Last week, as I've just reminded you, we dealt with dana and sila, the first two paramitas, that is to say, giving and uprightness, and this week we are in fact dealing with ksanti and virya, or patience and vigour, the third and the fourth paramitas. And it is these which represent, within the context of the Bodhisattva Ideal, what we may describe as the 'masculine' and 'feminine' aspects of the spiritual life. Or if you like, these paramitas represent the active and the passive poles of the Bodhisattva Ideal. Virya or vigour represents the masculine aspect, and ksanti or patience represents the feminine aspect. Incidentally, in the Indian languages, at least in the ancient Indian languages, in a compound of this sort, the feminine usually comes first. For instance in Pali and in Sanskrit one always says 'mata- pitu', that is to say 'mother and father', one never says 'father and mother', but always the other way round: 'mother and father'. In English of course it's very often the opposite. But today we're following the more traditional, the Indian, order, and we're dealing first with ksanti, the feminine aspect, and after that with virya, the masculine aspect. And after that we shall try to see in what way virya represents the more masculine, and ksanti the more feminine aspect of, or in, the spiritual life.

Now ksanti (this is by the way to be distinguished from shanti which means peace) ksanti (with an initial K) is undoubtedly one of the most beautiful words in the whole range of Buddhism. One of the most beautiful words in the whole vocabulary of Buddhism. And it links, it combines, quite a number of associated meanings. No one English word is really sufficient to do justice to the fullness, the richness of meaning, which this word 'ksanti' contains.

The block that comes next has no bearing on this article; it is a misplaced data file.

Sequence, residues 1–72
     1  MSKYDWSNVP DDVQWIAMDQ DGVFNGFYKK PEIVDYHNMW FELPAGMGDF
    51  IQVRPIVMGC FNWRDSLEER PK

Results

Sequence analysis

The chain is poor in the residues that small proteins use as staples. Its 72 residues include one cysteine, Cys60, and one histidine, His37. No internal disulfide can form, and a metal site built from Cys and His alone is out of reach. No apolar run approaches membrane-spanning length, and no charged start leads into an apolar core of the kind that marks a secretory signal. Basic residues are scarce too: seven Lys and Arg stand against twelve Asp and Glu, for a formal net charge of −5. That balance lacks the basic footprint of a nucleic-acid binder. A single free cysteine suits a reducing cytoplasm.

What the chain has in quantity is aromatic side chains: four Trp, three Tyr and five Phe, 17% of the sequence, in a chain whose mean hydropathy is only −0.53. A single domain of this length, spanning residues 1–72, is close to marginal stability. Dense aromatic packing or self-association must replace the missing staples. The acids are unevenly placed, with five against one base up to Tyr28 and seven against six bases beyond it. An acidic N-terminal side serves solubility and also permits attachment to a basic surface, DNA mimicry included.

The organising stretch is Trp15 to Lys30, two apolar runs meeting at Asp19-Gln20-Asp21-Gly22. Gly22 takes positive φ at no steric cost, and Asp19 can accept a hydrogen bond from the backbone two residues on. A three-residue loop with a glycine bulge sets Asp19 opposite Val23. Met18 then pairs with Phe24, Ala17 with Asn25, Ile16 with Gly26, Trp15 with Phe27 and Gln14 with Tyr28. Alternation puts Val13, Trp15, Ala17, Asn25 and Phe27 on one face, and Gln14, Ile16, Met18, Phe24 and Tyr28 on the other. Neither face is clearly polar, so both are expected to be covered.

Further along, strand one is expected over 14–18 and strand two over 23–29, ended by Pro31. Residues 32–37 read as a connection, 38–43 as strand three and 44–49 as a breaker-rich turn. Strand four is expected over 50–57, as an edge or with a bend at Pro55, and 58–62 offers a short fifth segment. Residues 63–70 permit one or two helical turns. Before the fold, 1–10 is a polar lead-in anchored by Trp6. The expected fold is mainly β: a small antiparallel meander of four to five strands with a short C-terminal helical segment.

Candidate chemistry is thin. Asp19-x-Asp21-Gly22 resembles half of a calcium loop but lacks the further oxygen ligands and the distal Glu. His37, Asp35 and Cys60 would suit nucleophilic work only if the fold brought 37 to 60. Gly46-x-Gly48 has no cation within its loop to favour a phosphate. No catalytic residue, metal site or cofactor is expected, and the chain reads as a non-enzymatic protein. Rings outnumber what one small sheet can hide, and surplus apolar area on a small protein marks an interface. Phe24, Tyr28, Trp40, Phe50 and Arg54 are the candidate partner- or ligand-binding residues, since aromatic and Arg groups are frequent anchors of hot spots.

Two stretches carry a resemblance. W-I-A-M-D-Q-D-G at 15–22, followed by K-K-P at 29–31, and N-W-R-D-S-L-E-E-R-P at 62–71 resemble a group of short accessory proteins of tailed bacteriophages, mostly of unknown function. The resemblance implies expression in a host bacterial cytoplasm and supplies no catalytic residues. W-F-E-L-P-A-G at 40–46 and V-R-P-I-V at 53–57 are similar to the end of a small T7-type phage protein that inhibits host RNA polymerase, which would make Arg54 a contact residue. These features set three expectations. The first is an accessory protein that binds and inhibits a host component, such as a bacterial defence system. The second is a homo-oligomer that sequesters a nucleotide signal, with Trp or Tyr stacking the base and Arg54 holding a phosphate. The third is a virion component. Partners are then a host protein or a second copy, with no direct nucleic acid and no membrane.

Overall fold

Literally ksanti means patience, it means forbearance, but included is also the idea of gentleness, of docility, and even of humility. Sometimes we say that humility isn't exactly a Buddhist virtue, but we mean humility in the more artificial sense, the more self-conscious sense. In this connection there's a little story about Mahatma Gandhi. When he started one of his ashrams in India he drew up a list of all the virtues which the inmates were supposed to practise, it was quite a long list, and right at the head of the list he had the virtue of humility. Everybody was supposed to practise that. So someone pointed out to him that if you practised humility deliberately, self-consciously (as it were) then it wasn't humility, it was just hypocrisy. So he crossed it out and he wrote at the bottom "All the virtues are to be practised in a spirit of humility", which was a rather different thing.

So if one takes humility in the right sense, as a sort of unselfconscious, self-abnegation of spirit, unawareness of self, then one can include humility also as part of the meaning, part of the connotation, of this term 'ksanti'. And ksanti ...